First, I am not sure whether this topic was created before or not. However, I truly searched for some similar topics, but it was too hard to check every last topic on this community.
It has been quit long time for me since I started learning Vocabularies, so I wanna move to grammer. I went to online sources, but TBH, I prefer printed books. Therefore, I searched for good grammer books, and I heard about Genki I and Genki II. So, do you really think that buying these books will come in handy? If not, what other books do you recommend?
I almost forgot this one last question. Are these (https://www.amazon.com/gp/product/B01M3STG9N/ref=ox_sc_act_title_2?smid=APGXEAF4IR5GT&psc=1) the Genki books that I heard about? If not, please tell me which one.
And yes if you have any other advice, please don’t hold it back
The most recommended textbooks are always Tae Kim’s Grammar Guide (online and 100% free - you can even print it as it has no copyright problems) and Genki.
Personally, Tae Kim’s main problem is that it lacks exercises and Genki felt a little boring to me. However, most people seem to enjoy both! So, I would advise you to give Tae Kim’s grammar Guide a try (because it’s free) and buy the Genki one if you can afford it. I honestly believe that learning in two different perspectives is helpful, since no textbook is perfect for everyone. Make sure to buy the Genki workbooks too (just like in your link).
Genki’s problem (for me) wasn’t so much that it’s boring, but rather it starts grammar by throwing a bunch of seemingly unconnected points at the reader. Japanese the Manga Way starts by examining the structure of a japanese sentence and builds up from there in a logical manner. Until I read the first half of Japanese the Manga Way I didn’t understand japanese grammar’s logic, and genki didn’t help much with that.
After that basic hurdle, Genki is fine for learning the nitty gritty and getting reinforcement through exercises. The workbooks in particular are invaluable.
I can definitely see Genki feeling a little dry, but it’s still my #1 recommended resource.
That said, absolutely take a pencil and do all of the workbook exercises.and make sure you have the answer book to check your answers against. The actual interaction helps to keep me engaged, at least.
I’m a big Genki fan and always recommend it as the best main source one can use to start learning the language. It’s a bit dry, I agree, mainly because it’s targeted to use in class, but I think it’s not boring at all and it has a clear chapter structure and good dynamic between learning and reviewing stuff! It’s a well rounded resource with grammar and listening and reading comprehension.
Tae Kim and Minna no Nihongo are great beginner resources as well.
Genki is fine after you get a few important concepts down. Basically, Genki does a terrible job at explaining the logic of Japanese sentences, and while that’s no easy feat, it makes a huge difference when you have some context for your grammar lessons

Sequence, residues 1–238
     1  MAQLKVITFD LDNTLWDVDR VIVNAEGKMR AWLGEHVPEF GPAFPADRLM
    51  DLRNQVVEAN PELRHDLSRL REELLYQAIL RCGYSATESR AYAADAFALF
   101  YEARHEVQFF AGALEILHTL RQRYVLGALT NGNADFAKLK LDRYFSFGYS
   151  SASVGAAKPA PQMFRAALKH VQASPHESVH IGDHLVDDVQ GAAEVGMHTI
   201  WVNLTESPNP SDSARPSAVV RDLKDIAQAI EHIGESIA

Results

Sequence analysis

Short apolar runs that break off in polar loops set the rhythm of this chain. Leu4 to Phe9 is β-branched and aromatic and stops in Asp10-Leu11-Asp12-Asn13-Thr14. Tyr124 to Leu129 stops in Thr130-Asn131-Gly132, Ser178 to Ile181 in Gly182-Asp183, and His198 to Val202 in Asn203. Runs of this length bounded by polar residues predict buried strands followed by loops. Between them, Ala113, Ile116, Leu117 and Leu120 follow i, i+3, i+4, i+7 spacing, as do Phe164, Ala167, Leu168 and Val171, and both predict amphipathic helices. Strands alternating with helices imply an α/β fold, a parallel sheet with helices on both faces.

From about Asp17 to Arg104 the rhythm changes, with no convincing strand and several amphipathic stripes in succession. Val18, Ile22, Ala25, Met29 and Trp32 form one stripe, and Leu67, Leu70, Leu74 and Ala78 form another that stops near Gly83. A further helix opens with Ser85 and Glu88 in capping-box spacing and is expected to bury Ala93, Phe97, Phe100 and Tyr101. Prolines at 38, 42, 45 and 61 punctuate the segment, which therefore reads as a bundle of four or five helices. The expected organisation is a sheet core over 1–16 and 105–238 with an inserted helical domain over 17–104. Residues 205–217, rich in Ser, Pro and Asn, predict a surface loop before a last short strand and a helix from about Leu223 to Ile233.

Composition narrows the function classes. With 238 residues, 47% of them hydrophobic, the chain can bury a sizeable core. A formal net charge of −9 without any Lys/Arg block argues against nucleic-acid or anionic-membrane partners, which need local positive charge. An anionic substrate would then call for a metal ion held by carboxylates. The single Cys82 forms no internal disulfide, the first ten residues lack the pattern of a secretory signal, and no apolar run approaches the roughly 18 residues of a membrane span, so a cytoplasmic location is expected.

After spending quite awhile struggling to explain (hey, I’m only as human as Genki!), I decided just to link a couple of articles that gave me a lightbulb moment:
That site pushes it’s book more than I like, but those articles were very helpful for me.
Learn Japanese the Manga way covers those same things and more, but it has a price tag attached to it. Still, I do recommend it. Your mileage may vary, everyone learns differently, but this is how I started making real progress understanding japanese.
… Hahaha serves me right for taking such a long time to post. Yes, that is in fact the book I recommended, lol. I actually had that link ready, but you beat me to it.
I think this article will become a great resource for answering your concerns:
Personally I went through Genki I. And was a good resource to explain the basics, but I couldn’t continue with the whole routine of textbook / workbook drills that Genki aims.
I’ve started with Japanese the Manga Way now, and it’s a great resource!! Specially for giving some perspective on the actual use of the grammar when put to use (in mangas as the title suggest).
Not sure if the best first read I would recommend, as I feel the most benefit comes after having seen the grammar points already been use in actual content and then getting all the nuance explanations from the book.
That and the DOJG series already mentioned are my main tools for grammar nowdays.
A really nice surprise as well has been this little gem:
I can’t recommend this book enough for getting how japanese grammar should be assimilated (and be prepared to take grammar explanations comming from textbooks with a grain of salt), avoiding the analogy to western grammar concepts when they only cause additional confusion.